In the ten years of the Bocas Lit Fest the presitigious OCM Bocas Prize and the CODE Burt Award for Caribbean Young Adult Literature (which has unfortunately been cancelled following the death of its sponsor Canadian philanthropist Bill Burt) have been presented to a variety of writers both new and established. In this third and final part of a series commemorating a decade of the literary festival, Senior Reporter Julien Neaves chatted with a few of the award winners about their experiences. This first part of this chat with the awardees was carried yesterday.
Jeanelle Frontin, Trinidadian writer
About: CODE Burt Award winner for Caribbean Young Adult Literature 2019 for book The Unmarked Girl (first book in The YaraStar Trilogy)
I will admit that entering the CODE Burt Award under the Bocas Lit Fest was not something I planned—my aunt forwarded a newsletter about it a few weeks before the deadline and my intrigue did the rest. Getting the e-mail regarding my shortlisting the next year is a moment I will not forget. As a publishing entrepreneur, it can be difficult at times to explain why you believe in your story enough to take on the work of publishing it. Creative business, however, is both a passion and skillset I have honed and with my intended trajectory for the books, securing the intellectual property within my company was a top priority.
What winning the 2019 CODE Burt Award for Caribbean Young Adult Literature gave me was my first external, professional validation, and this was meaningful beyond words. Having The Unmarked Girl go on to be listed in the Kirkus Reviews’ Best 100 Indie Books of 2019 (an internationally-recognised book review magazine) was a testament to the quality of the judges chosen by the Bocas Lit Fest for the CODE Burt Award. While this competition is now over, and Bocas Lit Fest seeks a new sponsor for young adult literature, I continue to have a deep appreciation for the significance it had in my journey.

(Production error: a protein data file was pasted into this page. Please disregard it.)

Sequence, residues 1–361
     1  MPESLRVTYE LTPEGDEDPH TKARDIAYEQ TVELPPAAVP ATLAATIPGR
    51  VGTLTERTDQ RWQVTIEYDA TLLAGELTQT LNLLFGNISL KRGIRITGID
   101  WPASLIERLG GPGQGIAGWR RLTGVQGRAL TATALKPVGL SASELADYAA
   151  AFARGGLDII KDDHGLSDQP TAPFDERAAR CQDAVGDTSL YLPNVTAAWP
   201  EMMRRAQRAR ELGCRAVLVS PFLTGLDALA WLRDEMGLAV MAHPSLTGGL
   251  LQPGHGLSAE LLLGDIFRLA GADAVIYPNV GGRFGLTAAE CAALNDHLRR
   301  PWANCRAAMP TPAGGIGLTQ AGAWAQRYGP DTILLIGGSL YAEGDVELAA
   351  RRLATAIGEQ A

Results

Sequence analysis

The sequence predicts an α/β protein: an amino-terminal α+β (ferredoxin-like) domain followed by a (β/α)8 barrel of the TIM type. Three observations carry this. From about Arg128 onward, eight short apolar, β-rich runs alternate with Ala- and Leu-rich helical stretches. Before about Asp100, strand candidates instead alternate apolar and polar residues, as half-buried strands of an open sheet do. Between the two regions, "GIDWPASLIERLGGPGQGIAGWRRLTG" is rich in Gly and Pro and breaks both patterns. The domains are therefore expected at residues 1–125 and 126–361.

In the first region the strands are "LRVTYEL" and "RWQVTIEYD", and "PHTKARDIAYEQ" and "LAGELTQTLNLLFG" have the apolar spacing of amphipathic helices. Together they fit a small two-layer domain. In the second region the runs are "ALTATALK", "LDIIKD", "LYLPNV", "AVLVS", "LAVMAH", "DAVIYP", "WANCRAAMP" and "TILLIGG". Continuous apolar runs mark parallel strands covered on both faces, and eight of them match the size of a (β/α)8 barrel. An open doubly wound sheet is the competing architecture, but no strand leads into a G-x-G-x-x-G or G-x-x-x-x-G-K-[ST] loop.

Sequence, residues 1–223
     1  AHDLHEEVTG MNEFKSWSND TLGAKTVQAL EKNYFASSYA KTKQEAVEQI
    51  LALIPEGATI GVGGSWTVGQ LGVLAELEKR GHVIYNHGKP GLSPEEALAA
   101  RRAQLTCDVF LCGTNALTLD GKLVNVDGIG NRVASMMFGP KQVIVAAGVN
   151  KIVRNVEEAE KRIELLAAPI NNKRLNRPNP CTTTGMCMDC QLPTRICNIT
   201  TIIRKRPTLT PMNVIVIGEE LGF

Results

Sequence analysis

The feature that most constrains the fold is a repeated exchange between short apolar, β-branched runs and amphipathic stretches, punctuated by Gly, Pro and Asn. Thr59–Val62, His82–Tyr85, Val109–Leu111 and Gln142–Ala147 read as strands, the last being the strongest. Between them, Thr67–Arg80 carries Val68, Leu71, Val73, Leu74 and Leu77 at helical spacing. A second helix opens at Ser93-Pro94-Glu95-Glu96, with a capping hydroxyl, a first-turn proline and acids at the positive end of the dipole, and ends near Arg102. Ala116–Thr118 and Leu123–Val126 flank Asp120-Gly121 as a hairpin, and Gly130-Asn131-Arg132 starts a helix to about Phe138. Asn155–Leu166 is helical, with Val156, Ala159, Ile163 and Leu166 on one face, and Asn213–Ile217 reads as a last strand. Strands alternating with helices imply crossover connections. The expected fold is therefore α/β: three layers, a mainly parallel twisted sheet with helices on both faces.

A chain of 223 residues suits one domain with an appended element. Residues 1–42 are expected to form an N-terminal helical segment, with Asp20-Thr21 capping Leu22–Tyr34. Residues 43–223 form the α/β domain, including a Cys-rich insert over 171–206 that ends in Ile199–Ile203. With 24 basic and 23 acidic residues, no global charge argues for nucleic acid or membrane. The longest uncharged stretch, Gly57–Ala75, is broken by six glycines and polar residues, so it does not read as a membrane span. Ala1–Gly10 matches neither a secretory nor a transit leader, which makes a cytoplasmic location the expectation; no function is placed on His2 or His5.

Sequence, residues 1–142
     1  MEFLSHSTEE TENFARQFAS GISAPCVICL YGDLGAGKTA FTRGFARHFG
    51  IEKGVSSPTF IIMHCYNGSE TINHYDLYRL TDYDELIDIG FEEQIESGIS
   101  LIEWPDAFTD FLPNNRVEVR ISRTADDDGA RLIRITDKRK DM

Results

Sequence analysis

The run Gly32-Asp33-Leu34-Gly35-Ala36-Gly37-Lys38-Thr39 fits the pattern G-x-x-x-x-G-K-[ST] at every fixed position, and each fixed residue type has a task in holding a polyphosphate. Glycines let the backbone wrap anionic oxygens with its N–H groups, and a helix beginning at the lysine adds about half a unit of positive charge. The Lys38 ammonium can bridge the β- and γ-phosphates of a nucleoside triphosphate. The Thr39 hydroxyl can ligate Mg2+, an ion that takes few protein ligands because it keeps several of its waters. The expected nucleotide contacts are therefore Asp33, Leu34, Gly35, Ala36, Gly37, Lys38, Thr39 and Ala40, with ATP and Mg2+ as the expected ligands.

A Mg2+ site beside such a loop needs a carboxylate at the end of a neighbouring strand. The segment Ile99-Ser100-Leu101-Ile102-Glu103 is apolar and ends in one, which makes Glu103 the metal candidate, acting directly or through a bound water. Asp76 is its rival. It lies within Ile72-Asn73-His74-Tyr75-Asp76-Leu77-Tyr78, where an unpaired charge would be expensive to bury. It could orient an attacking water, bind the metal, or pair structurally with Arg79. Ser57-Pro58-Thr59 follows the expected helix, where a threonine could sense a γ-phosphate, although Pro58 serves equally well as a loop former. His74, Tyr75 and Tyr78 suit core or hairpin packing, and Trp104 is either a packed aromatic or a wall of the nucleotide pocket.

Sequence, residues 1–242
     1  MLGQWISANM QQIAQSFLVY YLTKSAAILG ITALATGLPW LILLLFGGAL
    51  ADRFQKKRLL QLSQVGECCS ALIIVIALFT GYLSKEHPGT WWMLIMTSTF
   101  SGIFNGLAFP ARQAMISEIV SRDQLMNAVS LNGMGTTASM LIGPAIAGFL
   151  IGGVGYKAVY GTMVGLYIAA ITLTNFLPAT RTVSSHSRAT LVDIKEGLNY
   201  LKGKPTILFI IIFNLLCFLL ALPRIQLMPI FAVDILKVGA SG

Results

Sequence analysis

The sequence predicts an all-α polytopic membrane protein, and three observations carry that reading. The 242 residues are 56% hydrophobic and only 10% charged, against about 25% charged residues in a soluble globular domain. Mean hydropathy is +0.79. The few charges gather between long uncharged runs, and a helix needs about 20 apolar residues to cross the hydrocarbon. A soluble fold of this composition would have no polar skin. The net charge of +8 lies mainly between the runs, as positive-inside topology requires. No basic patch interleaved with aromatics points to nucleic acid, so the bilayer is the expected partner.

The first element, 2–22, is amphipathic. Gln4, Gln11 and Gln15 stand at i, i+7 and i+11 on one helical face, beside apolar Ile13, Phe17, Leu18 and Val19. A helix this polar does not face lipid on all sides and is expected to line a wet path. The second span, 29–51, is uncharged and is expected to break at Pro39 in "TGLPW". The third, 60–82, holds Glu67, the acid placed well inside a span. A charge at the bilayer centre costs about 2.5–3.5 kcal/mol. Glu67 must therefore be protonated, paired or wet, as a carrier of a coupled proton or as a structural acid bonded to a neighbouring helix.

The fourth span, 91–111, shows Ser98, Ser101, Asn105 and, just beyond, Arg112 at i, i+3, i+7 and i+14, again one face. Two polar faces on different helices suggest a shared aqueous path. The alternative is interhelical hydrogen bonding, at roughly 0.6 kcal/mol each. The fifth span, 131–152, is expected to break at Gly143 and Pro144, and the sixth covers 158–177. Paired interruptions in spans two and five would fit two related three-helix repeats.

Kevin Adonis Browne, Trinidadian photographer, poet, archivist and scholar
About: OCM Bocas Prize Winner for Caribbean Literature for non-fiction book High Mas: Carnival and the Poetics of Caribbean Culture
When I won the Bocas Prize, I cried. Sometimes, I feel as if that’s the image that’s most associated with me where the prize is concerned: me, at the award ceremony, crying. I don’t mind, though. I’m my mother’s child, and she’s a cryer. If I’m feeling mischievous, I’d say it was a response to winning a prize for a book in a nation where, in spite of its high literacy rating, I’ve been told the people don’t read. “And who reads non-fiction?” they’ve said, “That’s too academic!” That would be enough to make someone cry, wouldn’t you say? So, my comment is how I draw attention to the implicit prejudices people still harbour about those of us who live on an island—that we’re so “simple” and so “happy.” (Too “happy” to read, I suppose.) It’s more difficult, of course, when the commentary is homegrown, which is why Bocas Lit Fest and events like it are so vitally important as a profoundly potent counteragent—an antidote.
We still wrestle with a great deal of self-contempt, which is part of the legacy we’ve inherited, along with our strange and complicated beauty. So when I liken those tears to an obscure irony, or reference Ecclesiastes for its advice to weep at births and the beginning of things, it makes people a little uncomfortable. But it gets them thinking, which is really the point of High Mas and the work I’ve done before and since then. Progress—of thought, deed, imagination, whatever—is incompatible with comfort. The organisers of the Lit Fest, who run themselves ragged to have things go off without a hitch, will attest to this.